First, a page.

I was recently approached by a friend of a friend who had been diagnosed with terminal Cancer. She asked if I would collaborate with her on a Life Journal. It would be for her children to read when they were older and she was gone. She also asked that I share some of her story through posts on my Blog. Her feeling was that others in her situation may find comfort in knowing they were not alone.
At the same time, Iris (from my post - A Face a Mother Never Forgets)also battling Cancer, made a similar request so she could share stories with her Grandchildren. It seems I have suddenly become the Blogger for people who have been diagnosed with this dreadful disease.
So they will provide me with the details and images and I will carry the weight of their words while they carry the weight of their battle between life and death.
Shades of dark and light dancing like shadows on a blank wall. May their shadows continue in motion and their stories fill the surface of the wall.
All names have been changed (Iris wasn't a real name either) and only the parts of their story they wished for me to share are posted. This will be an on-going series and I hope for their sake, many, many chapters in the making.
Cindy is a young, vibrant mom, a graphic artist who is married to her second husband David. Her first husband died tragically a week before she gave birth to their daughter Alicia who is now 4.
Cindy met Gary in a sandbox when they were both 3 yrs old. She still remembers having an argument with Gary over a Tonka Truck that she was driving over a hill she had constructed by pushing sand together between her hands. Gary tried to take the truck away and she hit him with the small plastic shovel cutting his lip. He ran off crying to his mother (who was watching over them with Cindy's mother - the two women being close friends)and Cindy felt awful. Her mother made her apologize and she did so followed by a kiss to his cheek which he tried to wipe off and then continued to cry. It was not a great success in terms of the beginning of a beautiful thing but it went upward from there.
By Grade 9 they were inseparable. They could finish one anothers sentences and were already dreaming about the family they would have and the house they would live in.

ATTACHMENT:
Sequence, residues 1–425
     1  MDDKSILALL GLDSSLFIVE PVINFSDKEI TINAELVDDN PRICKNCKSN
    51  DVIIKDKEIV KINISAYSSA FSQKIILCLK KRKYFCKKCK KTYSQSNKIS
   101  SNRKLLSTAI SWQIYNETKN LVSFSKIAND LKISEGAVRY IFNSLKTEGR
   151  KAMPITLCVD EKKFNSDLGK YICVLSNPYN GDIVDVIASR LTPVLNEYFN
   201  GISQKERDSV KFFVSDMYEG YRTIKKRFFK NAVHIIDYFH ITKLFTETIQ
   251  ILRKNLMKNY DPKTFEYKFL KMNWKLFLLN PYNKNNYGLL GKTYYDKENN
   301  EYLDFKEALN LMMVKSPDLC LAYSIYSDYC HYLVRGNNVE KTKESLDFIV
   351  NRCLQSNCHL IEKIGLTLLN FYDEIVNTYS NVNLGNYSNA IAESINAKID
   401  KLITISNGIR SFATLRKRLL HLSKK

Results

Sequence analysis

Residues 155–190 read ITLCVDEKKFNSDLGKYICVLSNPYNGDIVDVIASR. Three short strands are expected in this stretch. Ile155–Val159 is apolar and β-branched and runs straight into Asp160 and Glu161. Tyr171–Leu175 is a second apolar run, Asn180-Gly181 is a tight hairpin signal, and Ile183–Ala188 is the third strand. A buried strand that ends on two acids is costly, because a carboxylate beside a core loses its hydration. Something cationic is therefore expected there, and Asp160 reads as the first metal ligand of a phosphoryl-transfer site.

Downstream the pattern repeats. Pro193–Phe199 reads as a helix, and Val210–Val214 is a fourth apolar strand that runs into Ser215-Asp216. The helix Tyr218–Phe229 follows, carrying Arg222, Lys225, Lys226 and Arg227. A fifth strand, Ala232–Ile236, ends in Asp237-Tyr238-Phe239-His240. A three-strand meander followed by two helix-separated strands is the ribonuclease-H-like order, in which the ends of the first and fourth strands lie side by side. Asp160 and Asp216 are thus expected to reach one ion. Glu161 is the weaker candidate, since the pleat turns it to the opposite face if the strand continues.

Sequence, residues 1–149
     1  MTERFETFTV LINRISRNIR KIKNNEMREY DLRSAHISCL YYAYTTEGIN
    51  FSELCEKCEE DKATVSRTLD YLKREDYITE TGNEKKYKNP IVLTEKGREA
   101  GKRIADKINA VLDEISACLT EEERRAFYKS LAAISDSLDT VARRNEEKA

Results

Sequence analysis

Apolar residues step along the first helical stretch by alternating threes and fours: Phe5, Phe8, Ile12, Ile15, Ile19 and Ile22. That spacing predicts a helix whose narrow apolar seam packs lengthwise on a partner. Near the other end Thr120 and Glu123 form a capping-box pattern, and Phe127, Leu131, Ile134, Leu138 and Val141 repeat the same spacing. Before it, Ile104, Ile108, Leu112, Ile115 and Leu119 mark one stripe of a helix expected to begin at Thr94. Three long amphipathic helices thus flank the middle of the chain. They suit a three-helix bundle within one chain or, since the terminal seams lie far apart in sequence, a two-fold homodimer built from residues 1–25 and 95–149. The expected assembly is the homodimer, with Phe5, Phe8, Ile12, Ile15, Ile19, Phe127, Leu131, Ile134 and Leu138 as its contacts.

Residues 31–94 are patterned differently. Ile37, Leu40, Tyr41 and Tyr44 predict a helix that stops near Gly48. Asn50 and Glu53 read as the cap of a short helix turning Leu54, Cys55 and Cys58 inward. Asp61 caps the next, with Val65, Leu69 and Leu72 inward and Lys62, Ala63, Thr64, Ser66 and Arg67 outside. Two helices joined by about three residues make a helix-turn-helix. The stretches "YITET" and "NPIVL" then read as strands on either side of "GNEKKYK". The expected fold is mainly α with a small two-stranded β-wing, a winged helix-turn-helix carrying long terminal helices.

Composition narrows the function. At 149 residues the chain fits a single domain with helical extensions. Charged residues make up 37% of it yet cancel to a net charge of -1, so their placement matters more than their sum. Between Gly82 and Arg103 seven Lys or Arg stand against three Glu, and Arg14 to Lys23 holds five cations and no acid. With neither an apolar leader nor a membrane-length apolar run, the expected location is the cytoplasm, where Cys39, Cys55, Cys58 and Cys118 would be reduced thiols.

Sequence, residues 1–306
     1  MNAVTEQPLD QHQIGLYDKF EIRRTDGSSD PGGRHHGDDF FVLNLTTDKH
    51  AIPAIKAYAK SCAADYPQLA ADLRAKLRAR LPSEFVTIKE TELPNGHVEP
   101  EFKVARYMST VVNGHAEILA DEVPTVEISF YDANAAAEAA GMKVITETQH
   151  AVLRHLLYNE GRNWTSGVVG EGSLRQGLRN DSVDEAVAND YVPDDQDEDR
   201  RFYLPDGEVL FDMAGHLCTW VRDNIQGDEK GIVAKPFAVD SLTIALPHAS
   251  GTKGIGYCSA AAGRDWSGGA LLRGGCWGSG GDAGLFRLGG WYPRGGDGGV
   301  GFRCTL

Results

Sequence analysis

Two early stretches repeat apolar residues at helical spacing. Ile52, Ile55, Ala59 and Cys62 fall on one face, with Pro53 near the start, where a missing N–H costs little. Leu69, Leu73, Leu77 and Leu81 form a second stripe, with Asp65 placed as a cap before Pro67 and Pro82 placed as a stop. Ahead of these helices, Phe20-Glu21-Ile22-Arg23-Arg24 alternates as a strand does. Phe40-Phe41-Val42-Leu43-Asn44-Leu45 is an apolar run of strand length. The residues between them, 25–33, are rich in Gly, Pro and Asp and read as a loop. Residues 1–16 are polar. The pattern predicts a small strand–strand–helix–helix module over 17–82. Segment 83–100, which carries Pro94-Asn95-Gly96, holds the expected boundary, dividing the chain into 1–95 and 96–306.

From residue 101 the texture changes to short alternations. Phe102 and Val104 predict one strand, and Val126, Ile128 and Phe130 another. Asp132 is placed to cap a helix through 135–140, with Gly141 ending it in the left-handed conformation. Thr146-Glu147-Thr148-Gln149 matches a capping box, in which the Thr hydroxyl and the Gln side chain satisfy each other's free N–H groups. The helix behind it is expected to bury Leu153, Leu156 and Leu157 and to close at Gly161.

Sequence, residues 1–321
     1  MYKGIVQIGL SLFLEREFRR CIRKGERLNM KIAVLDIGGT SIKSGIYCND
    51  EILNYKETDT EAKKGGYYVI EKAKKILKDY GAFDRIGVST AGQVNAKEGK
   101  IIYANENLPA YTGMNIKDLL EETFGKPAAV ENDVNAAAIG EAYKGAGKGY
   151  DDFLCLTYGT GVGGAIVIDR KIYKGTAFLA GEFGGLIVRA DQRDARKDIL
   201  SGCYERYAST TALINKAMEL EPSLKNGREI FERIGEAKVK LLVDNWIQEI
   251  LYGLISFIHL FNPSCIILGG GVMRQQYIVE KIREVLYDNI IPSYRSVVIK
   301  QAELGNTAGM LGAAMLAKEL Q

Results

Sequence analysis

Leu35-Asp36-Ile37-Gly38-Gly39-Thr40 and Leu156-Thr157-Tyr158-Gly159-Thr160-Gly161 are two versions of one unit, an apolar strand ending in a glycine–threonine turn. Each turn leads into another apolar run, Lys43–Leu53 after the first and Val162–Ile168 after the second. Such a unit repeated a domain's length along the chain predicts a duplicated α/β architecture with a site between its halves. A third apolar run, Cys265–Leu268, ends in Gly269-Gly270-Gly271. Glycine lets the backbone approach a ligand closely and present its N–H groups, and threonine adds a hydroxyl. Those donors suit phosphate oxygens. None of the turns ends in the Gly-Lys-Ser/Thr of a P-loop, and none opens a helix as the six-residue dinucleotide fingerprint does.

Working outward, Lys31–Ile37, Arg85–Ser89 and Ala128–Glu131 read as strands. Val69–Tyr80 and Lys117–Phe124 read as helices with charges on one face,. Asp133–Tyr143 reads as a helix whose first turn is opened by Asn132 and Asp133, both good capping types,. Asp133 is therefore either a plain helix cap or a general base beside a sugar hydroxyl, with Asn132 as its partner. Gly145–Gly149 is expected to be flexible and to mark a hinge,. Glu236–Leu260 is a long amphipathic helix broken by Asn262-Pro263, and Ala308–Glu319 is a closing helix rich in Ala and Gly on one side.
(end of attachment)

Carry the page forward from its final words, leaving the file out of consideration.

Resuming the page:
Other than 6 months they spent apart when they were "exploring other options", they remained together through College and they got married when they were in their early 20s.
Cindy began a career as a Graphic Designer and Gary as an Architect. Every thing was going as planned - life was theirs for the taking.
They were like any other couple - they fought, they laughed, they loved and they wanted nothing more than to have a family of their own and to continue to enjoy life's journey as one.
And that wish came true when Cindy became pregnant with their daughter. They were so excited to be having their first child. They would stay up in bed at night imagining what she would be like. Would she be healthy? Would she be artsy? Would she have lots of friends? Would she like herself?
But before that miracle of life would appear, another life would disappear.
"In the movies, they always show the surviving spouse regretting the last thing they said before the other died. I have no regrets. He was driving back to town from a meeting and I told him I'd wait up and we would have a late dinner. I was 8 months pregnant and constantly hungry and had taken an Italian cooking course during my pregnancy - big mistake - I felt I had to keep practicing my pasta dishes and my pastries and I had put on lots of extra weight! (laughs) But we were having fun with the whole thing and enjoying late night dinners because he was working long hours to ensure we could afford the house we were about to buy as well as what we hoped to be a growing family.
I waited until 11:30pm and he wasn't home. He had said that he expected to be back by 10:30pm or so. I didn't want to keep calling him while he was driving and I figured I was always worried for nothing anyway. I was the kind of person who would think something awful had happened if someone was late for anything. This time I was right. The phone rang just before midnight - it was someone from a police station - it's all a blur now - I think I have managed to block out most of it but I do remember being asked if he was my husband and being told that he had been in a fatal car crash and that I should call a relative and have them bring me to the morgue to identify the body.
I will always remember "morgue", "the body" and feel sick to my stomach.